Adventure Girl Going Segway

by ERIN THURSBY
Looking for a fresh way to explore the outdoors? Nature bike tours are so yesterday. Today’s tourist opts for something with more novelty: the Segway. It’s not just for mall cops! I know what I’m talking about because I took an EcoMotion Tour (www.ecomotiontours.com) on Fort George Island through wildlife trails to Kingsley Plantation.
Unlike a bike, which is surprisingly easy to crash, it takes special effort to crash a Segway. Even if you can’t ride a bike or anything else that requires natural balance, it’s very likely that you’ll be able to maneuver a Segway without taking a tumble. After all, this is a vehicle that can be easily maneuvered by those with Parkinson’s disease and even stroke victims. It should be noted, however, that the most dangerous thing to a Segway is another Segway. Our single mishap occurred during picture time, when one of the tourists lined up a little too close to her friend’s Segway. The wheels got caught and she took a spill. She was right back up again in moments and none the worse for it.
Lean forward to move forward, lean backward to move backward and use the handles to steer. Instinctively, I did try to lean left or right to turn at first, but soon learned to use the handles instead. Because of the gyro tech inside it, the Segway always tries to balance you as you stand on it. You don’t have to stand stock still though. As the guides explained, that’s a rookie mistake that will make you sore the next day. Instead, you can stand as you normally would, shifting your weight naturally.
As I was filling out the paperwork and donning my helmet, it was apparent that legions of mosquitoes had been informed that I was in the area. I had to stop and spray myself down with my all-natural repellent. EcoMotion also had a basket of bug spray for the ill-prepared tourist. I felt a little smug since I was so prepared and using something organic. The smugness didn’t last for long though; while fewer mosquitoes were sampling my DNA, I was still a banquet for those mutants who were undeterred by anything less than a liberal coating of industrial-strength DEET. Not far into the tour, the guides were spraying down our legs with the good stuff as we stood on the Segways. I was happy to be in the woods with people who knew what they were doing.
EcoMotion tricked us out with headsets so we could hear the tour guide and gave us a tutorial in an open field. Once we got on the trail, under the canopy of the trees, it didn’t seem so hot. That, and the movement of the Segways, kept us cool. The Segway adventurers on the tour ranged from grandmas and Midwesterners on vacation to young locals looking for something interesting to do.
We learned about Spanish Moss, which is neither Spanish nor a moss, native Indian uses for local plant life, and some of the local history. The thing we saw the most of were gopher tortoises. The tour guides had given each one an amusing name. Despite being toward the back, I periodically got a face full of spider web. I remedied the problem by following the person in front of me more exactly rather than at an angle. We learned about the spiders too, which the guide said were particularly docile.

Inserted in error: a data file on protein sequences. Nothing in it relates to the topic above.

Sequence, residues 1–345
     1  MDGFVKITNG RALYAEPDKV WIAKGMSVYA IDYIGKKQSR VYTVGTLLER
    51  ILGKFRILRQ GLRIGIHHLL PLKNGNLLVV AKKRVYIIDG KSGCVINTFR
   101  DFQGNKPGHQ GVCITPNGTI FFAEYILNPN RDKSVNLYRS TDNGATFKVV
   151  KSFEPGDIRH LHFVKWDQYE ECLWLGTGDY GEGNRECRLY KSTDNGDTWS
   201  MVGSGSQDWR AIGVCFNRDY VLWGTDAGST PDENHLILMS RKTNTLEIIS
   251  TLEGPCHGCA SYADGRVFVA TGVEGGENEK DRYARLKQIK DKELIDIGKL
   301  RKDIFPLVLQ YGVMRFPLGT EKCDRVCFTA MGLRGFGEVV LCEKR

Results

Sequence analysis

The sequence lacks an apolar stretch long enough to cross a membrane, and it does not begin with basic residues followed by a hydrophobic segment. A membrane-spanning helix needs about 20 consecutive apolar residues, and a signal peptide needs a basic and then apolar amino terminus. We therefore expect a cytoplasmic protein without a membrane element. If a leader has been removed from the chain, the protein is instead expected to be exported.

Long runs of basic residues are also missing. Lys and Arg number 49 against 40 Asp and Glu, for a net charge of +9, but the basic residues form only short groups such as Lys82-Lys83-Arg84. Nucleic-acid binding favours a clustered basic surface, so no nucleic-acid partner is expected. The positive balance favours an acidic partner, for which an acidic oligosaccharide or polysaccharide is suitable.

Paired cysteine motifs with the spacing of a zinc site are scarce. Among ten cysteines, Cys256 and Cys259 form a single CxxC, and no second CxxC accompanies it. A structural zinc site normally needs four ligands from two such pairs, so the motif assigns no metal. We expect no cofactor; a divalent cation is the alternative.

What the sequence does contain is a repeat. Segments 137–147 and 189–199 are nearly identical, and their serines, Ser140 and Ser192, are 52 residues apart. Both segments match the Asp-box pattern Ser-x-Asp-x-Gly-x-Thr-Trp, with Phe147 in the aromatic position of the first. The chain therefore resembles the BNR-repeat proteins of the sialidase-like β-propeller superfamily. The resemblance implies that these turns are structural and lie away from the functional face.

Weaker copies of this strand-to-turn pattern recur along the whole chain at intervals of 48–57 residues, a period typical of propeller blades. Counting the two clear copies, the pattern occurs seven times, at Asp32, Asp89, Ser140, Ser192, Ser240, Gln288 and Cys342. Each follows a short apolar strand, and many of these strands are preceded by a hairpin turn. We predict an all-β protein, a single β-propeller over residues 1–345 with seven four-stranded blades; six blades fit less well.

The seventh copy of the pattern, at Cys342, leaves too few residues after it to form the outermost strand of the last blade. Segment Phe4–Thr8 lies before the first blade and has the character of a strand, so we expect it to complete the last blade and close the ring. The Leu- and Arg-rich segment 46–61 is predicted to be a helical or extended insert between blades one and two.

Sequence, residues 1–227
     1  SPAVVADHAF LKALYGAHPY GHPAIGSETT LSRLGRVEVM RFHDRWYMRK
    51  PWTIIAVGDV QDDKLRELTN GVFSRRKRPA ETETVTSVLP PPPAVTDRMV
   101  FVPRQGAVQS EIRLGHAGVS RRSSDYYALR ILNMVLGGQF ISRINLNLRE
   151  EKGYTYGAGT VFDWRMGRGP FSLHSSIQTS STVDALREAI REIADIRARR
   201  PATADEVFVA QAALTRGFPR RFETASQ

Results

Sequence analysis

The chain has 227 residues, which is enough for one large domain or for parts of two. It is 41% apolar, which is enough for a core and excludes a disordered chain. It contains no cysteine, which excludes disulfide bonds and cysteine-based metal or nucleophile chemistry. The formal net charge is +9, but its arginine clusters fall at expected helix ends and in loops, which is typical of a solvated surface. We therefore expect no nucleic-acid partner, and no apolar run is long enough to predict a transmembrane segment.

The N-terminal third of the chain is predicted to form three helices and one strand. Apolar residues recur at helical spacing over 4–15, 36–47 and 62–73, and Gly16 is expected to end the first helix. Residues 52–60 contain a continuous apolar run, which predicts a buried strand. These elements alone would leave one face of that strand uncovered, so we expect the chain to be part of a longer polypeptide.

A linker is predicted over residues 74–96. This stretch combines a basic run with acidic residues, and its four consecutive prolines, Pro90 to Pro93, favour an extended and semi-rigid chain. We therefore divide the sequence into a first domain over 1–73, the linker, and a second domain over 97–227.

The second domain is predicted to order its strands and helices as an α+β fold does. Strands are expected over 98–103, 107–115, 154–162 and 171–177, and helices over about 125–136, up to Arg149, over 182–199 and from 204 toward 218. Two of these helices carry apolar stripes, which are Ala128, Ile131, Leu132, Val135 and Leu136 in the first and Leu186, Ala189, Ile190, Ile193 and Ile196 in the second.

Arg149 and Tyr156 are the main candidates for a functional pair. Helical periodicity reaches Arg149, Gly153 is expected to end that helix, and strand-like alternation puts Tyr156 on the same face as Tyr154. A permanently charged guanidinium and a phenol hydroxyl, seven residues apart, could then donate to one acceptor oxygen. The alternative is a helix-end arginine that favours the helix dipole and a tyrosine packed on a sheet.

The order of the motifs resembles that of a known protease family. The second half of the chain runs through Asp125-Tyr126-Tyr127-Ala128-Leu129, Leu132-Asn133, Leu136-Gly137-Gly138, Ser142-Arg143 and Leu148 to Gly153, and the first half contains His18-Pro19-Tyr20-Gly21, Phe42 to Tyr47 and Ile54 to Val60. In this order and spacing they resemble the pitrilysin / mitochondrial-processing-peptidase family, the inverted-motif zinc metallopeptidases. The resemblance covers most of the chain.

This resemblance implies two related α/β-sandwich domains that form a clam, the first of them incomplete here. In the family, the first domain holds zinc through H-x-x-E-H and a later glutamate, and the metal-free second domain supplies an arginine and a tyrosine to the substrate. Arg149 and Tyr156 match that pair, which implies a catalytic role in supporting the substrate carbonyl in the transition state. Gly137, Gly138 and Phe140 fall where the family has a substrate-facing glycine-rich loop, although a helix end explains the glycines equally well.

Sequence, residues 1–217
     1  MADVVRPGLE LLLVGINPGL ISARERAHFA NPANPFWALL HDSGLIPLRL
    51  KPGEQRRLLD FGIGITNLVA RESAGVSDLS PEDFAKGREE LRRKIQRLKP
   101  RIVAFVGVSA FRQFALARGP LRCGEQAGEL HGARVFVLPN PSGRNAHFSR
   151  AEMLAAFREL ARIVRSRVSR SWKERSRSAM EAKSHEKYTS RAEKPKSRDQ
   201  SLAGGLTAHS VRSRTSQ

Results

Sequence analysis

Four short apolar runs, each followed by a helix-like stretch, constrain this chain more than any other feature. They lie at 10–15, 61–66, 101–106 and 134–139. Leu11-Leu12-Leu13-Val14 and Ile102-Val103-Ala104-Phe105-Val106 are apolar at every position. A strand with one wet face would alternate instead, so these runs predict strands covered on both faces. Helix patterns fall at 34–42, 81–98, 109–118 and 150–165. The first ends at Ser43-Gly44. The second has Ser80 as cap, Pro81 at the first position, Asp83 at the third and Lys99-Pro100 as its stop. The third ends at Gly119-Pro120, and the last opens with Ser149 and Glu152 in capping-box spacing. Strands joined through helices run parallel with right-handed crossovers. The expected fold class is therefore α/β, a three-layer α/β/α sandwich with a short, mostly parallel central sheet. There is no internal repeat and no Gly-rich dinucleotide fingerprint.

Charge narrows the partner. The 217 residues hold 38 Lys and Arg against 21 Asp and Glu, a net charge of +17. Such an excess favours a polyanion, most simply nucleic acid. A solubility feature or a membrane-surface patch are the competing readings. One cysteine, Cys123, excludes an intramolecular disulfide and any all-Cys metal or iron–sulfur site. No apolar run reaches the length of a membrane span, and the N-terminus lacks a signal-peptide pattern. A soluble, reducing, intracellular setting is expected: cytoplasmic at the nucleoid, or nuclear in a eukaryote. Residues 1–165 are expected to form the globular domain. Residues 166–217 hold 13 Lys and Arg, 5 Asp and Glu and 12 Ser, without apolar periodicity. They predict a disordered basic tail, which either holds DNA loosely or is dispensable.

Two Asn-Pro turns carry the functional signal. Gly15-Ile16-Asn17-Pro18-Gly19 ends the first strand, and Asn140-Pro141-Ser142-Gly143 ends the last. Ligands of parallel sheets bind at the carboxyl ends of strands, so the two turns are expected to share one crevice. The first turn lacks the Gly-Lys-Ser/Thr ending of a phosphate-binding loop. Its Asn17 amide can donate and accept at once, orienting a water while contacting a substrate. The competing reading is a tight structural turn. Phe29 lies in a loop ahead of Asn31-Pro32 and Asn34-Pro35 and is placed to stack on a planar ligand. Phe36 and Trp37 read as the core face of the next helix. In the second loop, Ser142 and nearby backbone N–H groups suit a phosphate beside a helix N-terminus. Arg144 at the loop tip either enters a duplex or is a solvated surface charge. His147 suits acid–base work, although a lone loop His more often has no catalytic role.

At the midpoint, we stopped at Kingsley Plantation. The peace of Kingsley is difficult to express. I could imagine it bustling with people in the 1800s, but even in my imagination, with commotion, talk and work happening all around me, I felt as though the land itself has an underlying harmony. Inside the whitewashed houses, we learned about the clever ways people did everyday things. Outside, cicadas sang in the moist Florida heat, and by the shore, I saw the paw marks of a raccoon. A breeze made things sweeter.
When we came back to the Segways after our walking tour of the Kingsley Plantation, our guide informed us that the governor on our Segways had been set for a higher speed. Ten miles an hour doesn’t seem fast unless you’ve been previously maxing out at five—and let me tell you, Segways feel fast. As I was doing donuts in the practice field before setting out, I wondered why it felt so darn dangerous, even if it wasn’t. It wasn’t because we were wearing helmets; it was because we were standing and moving, without walking. That’s a novel sensation to be feeling on land. So, yes, I was thrilled by a vehicle with a max speed of five to 10 miles an hour.

Need to Know:
Max weight: 260 pounds. Minimum age: 13.
No flip-flops or curved-sole shoes such as Shape-Ups.
Tips are appreciated; bring cash to tip the guide.
You can bring a camera, but you can’t use it while on the Segway.

About EU Jacksonville

october, 2021

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